Editors Note: Story by Alex Podlogar, Pinehurst Resort & Country Club with permission
VILLAGE OF PINEHURST, NC (July 1, 2016) -- It finally got a little easier for Tim Conover.
The East Carolina junior won four of the first five holes to take a commanding lead that was barely threatened to defeat Andrew Whalen 4 & 2 and capture the 116th North & South Amateur on Friday at Pinehurst No. 2.
“This means the world to me,” said Conover, who was the Carolinas Golf Association’s Junior Boys Player of the Year in 2013. “It’s really just amazing to think about. It was a week of really close calls, but somehow, I was really resilient.”
The final was a commanding performance in a week in which Conover, of nearby Holly Springs, N.C., constantly found himself of the edge of elimination. He made a testy 5-footer on 18 to close stroke play, then survived a 7-players-for-5-spots playoff to qualify for match play with the 31st seed – out of a possible 32.
It didn’t get any easier from there. Faced with perhaps the most difficult draw in the championship, Conover first knocked out second-seeded Tyler McDaniel before playing a staggering 39 total holes in Thursday’s Round of 16 and quarterfinal matches. He beat Nick Hardy, perhaps the championship’s best player, with clutch birdies on the 20th and 21st holes, then went all 18 holes before outlasting N.C. State recruit Benjamin Shipp to reach the North & South’s final day.
And what a day it was.
“I played awesome,” Conover admitted. “I was almost flawless.”
Conover won the first two holes with pars when Whalen failed to get up and down. But Conover made a brilliant birdie on the 4th after a great approach from the native area right of the fairway, then followed with another birdie on the par-5 5th. Walking to the 6th tee, Conover was already in firm control of the match.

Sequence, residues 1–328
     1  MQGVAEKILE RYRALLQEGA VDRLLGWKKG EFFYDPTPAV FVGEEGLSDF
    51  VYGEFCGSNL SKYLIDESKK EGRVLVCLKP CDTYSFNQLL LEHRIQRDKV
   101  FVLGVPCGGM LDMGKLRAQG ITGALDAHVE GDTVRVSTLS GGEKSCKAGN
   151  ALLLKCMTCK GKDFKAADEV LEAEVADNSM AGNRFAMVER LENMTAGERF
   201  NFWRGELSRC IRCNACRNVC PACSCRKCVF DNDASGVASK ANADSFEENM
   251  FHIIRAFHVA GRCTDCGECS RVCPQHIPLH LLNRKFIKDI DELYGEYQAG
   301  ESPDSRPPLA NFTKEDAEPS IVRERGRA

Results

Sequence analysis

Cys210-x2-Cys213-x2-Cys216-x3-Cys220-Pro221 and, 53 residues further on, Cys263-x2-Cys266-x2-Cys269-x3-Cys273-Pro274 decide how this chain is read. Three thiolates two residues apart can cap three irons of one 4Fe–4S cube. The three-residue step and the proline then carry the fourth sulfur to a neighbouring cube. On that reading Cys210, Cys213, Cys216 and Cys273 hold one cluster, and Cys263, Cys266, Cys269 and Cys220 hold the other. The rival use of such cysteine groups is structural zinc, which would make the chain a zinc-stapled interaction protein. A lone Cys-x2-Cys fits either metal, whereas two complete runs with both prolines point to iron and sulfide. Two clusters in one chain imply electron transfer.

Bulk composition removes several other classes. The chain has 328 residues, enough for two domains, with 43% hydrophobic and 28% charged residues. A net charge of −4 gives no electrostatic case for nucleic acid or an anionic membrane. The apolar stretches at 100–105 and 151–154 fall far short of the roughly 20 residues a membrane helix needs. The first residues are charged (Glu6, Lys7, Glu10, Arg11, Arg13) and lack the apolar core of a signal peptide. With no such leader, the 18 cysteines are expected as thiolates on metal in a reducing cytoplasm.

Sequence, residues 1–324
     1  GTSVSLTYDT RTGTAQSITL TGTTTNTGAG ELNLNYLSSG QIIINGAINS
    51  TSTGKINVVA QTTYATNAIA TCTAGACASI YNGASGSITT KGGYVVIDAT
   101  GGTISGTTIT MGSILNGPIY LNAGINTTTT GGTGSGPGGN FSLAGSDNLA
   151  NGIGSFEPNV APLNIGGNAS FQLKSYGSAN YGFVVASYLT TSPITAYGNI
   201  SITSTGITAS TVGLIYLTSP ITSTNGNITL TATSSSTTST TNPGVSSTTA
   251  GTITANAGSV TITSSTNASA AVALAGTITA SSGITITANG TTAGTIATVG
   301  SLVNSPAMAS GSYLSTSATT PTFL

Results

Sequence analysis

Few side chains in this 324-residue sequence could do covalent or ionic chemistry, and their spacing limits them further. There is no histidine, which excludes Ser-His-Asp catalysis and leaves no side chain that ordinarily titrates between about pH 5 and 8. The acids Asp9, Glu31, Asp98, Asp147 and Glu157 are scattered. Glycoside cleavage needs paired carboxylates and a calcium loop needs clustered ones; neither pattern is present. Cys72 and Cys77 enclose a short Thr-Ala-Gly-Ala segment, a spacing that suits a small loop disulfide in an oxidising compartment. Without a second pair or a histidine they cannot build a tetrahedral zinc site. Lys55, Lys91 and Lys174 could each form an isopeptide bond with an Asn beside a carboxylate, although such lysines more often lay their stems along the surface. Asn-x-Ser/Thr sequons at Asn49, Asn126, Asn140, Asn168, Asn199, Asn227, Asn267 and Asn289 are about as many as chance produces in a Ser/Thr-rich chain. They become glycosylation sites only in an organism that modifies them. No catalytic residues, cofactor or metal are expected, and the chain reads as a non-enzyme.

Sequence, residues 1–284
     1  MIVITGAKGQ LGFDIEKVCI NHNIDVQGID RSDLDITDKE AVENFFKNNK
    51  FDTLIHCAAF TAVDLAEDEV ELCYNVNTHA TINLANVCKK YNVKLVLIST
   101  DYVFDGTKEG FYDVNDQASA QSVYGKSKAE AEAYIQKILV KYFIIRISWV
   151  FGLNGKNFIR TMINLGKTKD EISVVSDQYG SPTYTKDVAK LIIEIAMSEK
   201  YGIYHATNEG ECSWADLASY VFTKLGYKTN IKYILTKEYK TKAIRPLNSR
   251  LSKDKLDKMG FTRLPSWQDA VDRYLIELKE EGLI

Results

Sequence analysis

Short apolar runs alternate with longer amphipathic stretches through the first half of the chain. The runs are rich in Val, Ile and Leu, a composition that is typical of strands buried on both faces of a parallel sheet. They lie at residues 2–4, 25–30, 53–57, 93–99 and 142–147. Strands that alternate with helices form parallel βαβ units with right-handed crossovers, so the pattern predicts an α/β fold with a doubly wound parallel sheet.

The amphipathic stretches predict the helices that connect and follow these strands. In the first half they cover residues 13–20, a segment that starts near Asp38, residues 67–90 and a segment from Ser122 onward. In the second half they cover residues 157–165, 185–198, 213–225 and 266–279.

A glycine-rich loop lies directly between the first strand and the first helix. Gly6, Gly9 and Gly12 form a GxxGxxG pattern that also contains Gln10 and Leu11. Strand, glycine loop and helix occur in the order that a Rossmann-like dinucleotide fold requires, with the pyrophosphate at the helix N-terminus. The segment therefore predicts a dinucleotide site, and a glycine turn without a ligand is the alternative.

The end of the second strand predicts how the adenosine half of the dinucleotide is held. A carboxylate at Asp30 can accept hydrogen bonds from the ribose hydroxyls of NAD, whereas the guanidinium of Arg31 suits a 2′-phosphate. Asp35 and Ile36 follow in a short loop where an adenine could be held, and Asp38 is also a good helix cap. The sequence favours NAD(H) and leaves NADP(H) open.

“I didn’t play great, but Tim played so solid all day,” said Whalen, who reached the quarterfinals of the U.S. Amateur Four-Ball in Winged Foot in May. “I knew if I wasn’t making birdies then I wasn’t going to win the hole.”
Whalen got back within three holes after Conover’s only mistake of the day – a three-putt on the 7th. But Conover drained a 9-footer for par to get up and down from the left bunker on the 9th, and after Whalen 3-putted, Conover was back in front by four after the front 9.
Whalen had a couple of chances to get closer. He birdied 12 to move within three holes again, and then stuck his approach shot to 4 feet on 13 to put more pressure on his opponent. But Conover coolly made his birdie putt first, and with the pressure back on Whalen, the Northwestern senior missed.
“I didn’t expect him to make the putt, but I should’ve,” Whalen said. “That was big. I feel like if I would’ve made that putt and he missed it, I would’ve been really close.”
Whalen stayed alive with a 25-footer for birdie on 14, but Conover again came through with his putter, making an 8-footer for par on 15 to keep his 3-up lead heading to 16.
“I did that all week,” Conover said of his clutch putting. “I have a lot of confidence in my putter, and I knew I absolutely had to make those. Today, I just got really good reads, and after that, it was just about taking the right line and making a good stroke, knowing they’d go in.”
Conover finally put Whalen away with perhaps his best shot of the tournament, a dazzling approach to 6 feet on the 513-yard par-4 16th. He never had to putt it. After missing his chip left of the green, Whalen conceded the putt and the match.
It was a fitting end for Conover, who had to work so hard at every moment throughout the week.
“Now I know I can really beat anyone, and win anything,” Conover said of the win while clutching his Putter Boy trophy. “This is such a tough test, a lot of good players…and Pinehurst No. 2. I won that battle.”
The Men’s North & South Amateur Championship is the longest consecutive-running amateur golf championship in the United States. Over the past century, the best in the golf world have vied for its coveted Putter Boy trophy. The winners now serve as legends in the game – Walter Travis, Ouimet, Billy Joe Patton, Nicklaus, Curtis Strange and Love III, among others – and continues to draw the best in amateur golf circles.